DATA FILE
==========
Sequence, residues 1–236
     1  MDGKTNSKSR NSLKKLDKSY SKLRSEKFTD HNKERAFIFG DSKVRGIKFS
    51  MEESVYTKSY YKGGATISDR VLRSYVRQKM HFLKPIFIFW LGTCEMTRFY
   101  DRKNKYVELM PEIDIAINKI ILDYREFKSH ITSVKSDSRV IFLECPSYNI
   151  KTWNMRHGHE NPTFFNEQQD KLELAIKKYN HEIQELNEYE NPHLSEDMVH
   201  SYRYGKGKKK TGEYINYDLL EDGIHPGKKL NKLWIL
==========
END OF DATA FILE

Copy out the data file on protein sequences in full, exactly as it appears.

Sequence, residues 1–236
     1  MDGKTNSKSR NSLKKLDKSY SKLRSEKFTD HNKERAFIFG DSKVRGIKFS
    51  MEESVYTKSY YKGGATISDR VLRSYVRQKM HFLKPIFIFW LGTCEMTRFY
   101  DRKNKYVELM PEIDIAINKI ILDYREFKSH ITSVKSDSRV IFLECPSYNI
   151  KTWNMRHGHE NPTFFNEQQD KLELAIKKYN HEIQELNEYE NPHLSEDMVH
   201  SYRYGKGKKK TGEYINYDLL EDGIHPGKKL NKLWIL